You can tell it's been a few years since I last coded in C++ :\
    I forgot all about const-overloading. With that, all problems are
    solved since there is a getter+setter, thus requiring no need for the
    member name to clash.
    Another bonus is that the use of getters in operator==(const Foo&)
    const{}, etc. allows the compiler to give errors when something needs
    to be paid attention to.

    An even better rewrite of class Foo would be:
    class Foo {
    public:
    int const& bar() const { return bar_; }
    int& bar() { return bar_; }
    bool operator==(const Foo& that) const { return (bar() ==
    that.bar()); }
    private:
    int bar_;
    };
    Andrey Vul, Jun 2, 2010
    #3
  4. Andrey Vul wrote:
    > Another bonus is that the use of getters in operator==(const Foo&)
    > const{}, etc. allows the compiler to give errors when something needs
    > to be paid attention to.
    >
    > An even better rewrite of class Foo would be:
    > class Foo {
    > public:
    > int const& bar() const { return bar_; }
    > int& bar() { return bar_; }
    > bool operator==(const Foo& that) const { return (bar() ==
    > that.bar()); }
    > private:
    > int bar_;
    > };


    I don't see what the advantage of using bar() in operator== should be.

    But normally it is unwise to declare commutative binary operators as
    class members rather than free functions. This declaration is asymmetric
    with respect to the operands. Some implicit conversions are not possible
    for the left operand.


    Marcel
    Marcel Müller, Jun 2, 2010
    #4
  5. Andrey Vul

    Daniel Pitts Guest

    On 6/2/2010 4:38 AM, Daniel T. wrote:
    > Andrey Vul<> wrote:
    > [with some edits...]
    >> class Foo {
    >> int bar_;
    >> public:
    >> int bar(int newbar) { return (bar_ = newbar); }
    >> }

    >
    > What's the point of returning a value that the caller already has?

    Sometimes, when I make a call, I forget what I pass in, so I need to
    have it passed back ;-)

    Personally, I'd rather have it a Foo& with the value of *this, so that I
    could chain the setter calls.



    --
    Daniel Pitts' Tech Blog: <http://virtualinfinity.net/wordpress/>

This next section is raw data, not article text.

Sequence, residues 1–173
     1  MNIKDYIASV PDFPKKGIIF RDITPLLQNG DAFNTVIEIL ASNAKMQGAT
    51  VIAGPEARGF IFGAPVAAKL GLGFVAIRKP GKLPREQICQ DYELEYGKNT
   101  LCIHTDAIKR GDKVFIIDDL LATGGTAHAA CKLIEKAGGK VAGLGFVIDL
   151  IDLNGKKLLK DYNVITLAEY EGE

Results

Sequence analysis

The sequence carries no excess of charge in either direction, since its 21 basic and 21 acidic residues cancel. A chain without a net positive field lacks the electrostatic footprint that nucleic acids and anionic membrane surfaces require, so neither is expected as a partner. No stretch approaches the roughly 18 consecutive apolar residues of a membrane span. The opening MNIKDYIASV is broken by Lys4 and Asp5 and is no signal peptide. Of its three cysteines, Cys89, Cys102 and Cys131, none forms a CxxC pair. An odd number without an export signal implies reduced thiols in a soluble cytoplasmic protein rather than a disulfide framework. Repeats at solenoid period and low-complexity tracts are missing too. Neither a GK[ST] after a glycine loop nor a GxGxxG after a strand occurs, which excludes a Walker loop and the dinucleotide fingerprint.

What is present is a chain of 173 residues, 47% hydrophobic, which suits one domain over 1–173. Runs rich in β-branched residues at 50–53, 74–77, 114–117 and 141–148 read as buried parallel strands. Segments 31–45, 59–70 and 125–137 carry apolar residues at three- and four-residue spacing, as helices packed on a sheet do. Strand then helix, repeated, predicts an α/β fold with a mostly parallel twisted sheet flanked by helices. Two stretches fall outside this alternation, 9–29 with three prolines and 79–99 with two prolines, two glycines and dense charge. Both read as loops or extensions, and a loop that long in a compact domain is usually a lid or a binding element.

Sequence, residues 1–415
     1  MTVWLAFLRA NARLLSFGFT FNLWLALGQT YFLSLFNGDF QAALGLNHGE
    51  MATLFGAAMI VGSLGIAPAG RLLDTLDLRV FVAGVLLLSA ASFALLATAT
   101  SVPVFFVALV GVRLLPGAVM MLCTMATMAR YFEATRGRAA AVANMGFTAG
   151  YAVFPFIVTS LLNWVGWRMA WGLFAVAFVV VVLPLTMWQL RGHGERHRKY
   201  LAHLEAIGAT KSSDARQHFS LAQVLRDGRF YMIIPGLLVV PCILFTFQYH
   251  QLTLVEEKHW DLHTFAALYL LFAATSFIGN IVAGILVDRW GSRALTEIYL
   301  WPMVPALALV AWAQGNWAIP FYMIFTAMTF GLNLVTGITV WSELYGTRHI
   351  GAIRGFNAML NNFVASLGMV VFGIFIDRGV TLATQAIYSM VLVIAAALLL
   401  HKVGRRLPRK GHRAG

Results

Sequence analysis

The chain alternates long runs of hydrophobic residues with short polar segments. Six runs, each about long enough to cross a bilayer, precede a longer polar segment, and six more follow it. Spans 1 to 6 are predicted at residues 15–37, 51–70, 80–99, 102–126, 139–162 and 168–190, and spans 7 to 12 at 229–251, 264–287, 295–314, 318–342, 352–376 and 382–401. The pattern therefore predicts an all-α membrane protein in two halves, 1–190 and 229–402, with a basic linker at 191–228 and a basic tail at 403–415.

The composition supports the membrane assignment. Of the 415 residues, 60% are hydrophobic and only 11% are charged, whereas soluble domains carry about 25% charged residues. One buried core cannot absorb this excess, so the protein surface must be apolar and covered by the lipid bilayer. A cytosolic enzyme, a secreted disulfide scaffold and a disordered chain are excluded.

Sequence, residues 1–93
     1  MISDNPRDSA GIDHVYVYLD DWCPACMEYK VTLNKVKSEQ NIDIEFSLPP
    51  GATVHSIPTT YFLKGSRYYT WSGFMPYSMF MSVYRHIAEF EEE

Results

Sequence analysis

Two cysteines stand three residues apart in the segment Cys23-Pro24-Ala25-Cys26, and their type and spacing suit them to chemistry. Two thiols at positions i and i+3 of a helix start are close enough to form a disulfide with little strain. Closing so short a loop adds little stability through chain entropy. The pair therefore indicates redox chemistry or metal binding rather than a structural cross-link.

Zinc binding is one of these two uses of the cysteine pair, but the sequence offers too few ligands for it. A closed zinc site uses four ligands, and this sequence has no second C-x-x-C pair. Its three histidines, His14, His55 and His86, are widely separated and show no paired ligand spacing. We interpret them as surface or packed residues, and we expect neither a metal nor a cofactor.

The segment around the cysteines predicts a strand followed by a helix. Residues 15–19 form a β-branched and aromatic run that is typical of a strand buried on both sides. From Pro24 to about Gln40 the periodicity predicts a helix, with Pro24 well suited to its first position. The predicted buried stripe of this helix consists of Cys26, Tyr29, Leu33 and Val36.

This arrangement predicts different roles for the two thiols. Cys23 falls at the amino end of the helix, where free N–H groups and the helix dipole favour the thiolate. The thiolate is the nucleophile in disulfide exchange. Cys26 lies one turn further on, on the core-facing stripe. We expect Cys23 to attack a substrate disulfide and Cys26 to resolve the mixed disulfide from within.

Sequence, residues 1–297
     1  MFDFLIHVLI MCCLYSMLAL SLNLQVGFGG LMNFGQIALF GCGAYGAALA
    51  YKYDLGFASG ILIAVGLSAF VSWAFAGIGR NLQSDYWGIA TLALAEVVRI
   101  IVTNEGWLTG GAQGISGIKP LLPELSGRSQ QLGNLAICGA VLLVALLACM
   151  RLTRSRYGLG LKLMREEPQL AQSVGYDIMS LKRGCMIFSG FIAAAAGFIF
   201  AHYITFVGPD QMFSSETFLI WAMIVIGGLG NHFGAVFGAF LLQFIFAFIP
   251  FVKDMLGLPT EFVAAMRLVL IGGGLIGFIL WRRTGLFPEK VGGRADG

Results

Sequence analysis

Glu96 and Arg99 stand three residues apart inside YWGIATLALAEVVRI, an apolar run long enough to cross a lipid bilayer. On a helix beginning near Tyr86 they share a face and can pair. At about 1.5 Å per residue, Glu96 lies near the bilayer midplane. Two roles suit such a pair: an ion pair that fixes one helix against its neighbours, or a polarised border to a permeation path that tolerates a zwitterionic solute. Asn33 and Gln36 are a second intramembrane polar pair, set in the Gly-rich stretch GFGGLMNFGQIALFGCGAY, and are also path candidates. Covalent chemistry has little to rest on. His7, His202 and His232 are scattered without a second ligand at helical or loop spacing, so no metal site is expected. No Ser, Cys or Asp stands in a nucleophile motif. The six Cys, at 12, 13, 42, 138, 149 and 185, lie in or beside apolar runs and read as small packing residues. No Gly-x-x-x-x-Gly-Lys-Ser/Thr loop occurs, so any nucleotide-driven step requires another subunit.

Daniel Pitts, Jun 2, 2010
    #5
  6. On Jun 2, 6:15 am, Andrey Vul <> wrote:
    > In the following:
    > class Foo {
    > public:
    > int bar() const {
    > return bar;
    > int bar(int newbar) {
    > return (bar = newbar);}
    >
    > bool operator==(const Foo& rhs) {
    > return (bar() == rhs.bar()); // error here}
    >
    > private:
    > int bar;
    >
    > }
    >
    > Where in ISO C++ does the distinction between function return value
    > and variable exist? My compiler (MSVC 10) chooses the variable itself
    > and dies about needing a (pointer to) function type, as opposed to
    > doing the smart thing and comparing the return values of the getters.
    > And is the compiler allowing get/set overloading with member part of C+
    > +0x?


    Hello,

    In case bar is an object of a class that defines an operator(), this
    compiler error is quite relevant.

    Nicolas
    Comité d'Entreprise Credence, Jun 4, 2010
    #6
  7. On Jun 2, 6:15 am, Andrey Vul <> wrote:
    > In the following:
    > class Foo {
    > public:
    > int bar() const {
    > return bar;
    > int bar(int newbar) {
    > return (bar = newbar);}
    >
    > bool operator==(const Foo& rhs) {
    > return (bar() == rhs.bar()); // error here}
    >
    > private:
    > int bar;
    >
    > }
    >
    > Where in ISO C++ does the distinction between function return value
    > and variable exist? My compiler (MSVC 10) chooses the variable itself
    > and dies about needing a (pointer to) function type, as opposed to
    > doing the smart thing and comparing the return values of the getters.
    > And is the compiler allowing get/set overloading with member part of C+
    > +0x?


    Hi,

    In case bar is an object of a class defining an operator(), this
    compiler error seems relevant

    Nicolas
    Nicolas Biscos, Jun 4, 2010
    #7